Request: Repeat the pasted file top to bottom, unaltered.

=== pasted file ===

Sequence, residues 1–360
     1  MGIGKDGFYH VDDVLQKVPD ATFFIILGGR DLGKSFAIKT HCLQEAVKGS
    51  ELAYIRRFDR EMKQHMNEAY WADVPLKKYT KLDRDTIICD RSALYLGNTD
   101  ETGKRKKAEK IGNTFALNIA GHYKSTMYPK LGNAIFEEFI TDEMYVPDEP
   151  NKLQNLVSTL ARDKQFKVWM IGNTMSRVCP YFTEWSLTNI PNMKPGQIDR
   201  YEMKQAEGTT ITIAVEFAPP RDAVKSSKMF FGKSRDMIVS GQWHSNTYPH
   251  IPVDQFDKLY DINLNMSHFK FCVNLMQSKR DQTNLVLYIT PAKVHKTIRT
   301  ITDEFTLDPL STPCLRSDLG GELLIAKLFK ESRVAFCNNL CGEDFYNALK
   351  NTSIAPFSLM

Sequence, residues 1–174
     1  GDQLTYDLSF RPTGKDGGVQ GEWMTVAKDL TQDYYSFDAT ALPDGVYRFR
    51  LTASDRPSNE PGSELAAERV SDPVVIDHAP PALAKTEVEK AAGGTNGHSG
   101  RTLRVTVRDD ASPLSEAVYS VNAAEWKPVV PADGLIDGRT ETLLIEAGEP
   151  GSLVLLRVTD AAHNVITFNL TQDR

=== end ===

Sequence, residues 1–360
     1  MGIGKDGFYH VDDVLQKVPD ATFFIILGGR DLGKSFAIKT HCLQEAVKGS
    51  ELAYIRRFDR EMKQHMNEAY WADVPLKKYT KLDRDTIICD RSALYLGNTD
   101  ETGKRKKAEK IGNTFALNIA GHYKSTMYPK LGNAIFEEFI TDEMYVPDEP
   151  NKLQNLVSTL ARDKQFKVWM IGNTMSRVCP YFTEWSLTNI PNMKPGQIDR
   201  YEMKQAEGTT ITIAVEFAPP RDAVKSSKMF FGKSRDMIVS GQWHSNTYPH
   251  IPVDQFDKLY DINLNMSHFK FCVNLMQSKR DQTNLVLYIT PAKVHKTIRT
   301  ITDEFTLDPL STPCLRSDLG GELLIAKLFK ESRVAFCNNL CGEDFYNALK
   351  NTSIAPFSLM

Sequence, residues 1–174
     1  GDQLTYDLSF RPTGKDGGVQ GEWMTVAKDL TQDYYSFDAT ALPDGVYRFR
    51  LTASDRPSNE PGSELAAERV SDPVVIDHAP PALAKTEVEK AAGGTNGHSG
   101  RTLRVTVRDD ASPLSEAVYS VNAAEWKPVV PADGLIDGRT ETLLIEAGEP
   151  GSLVLLRVTD AAHNVITFNL TQDR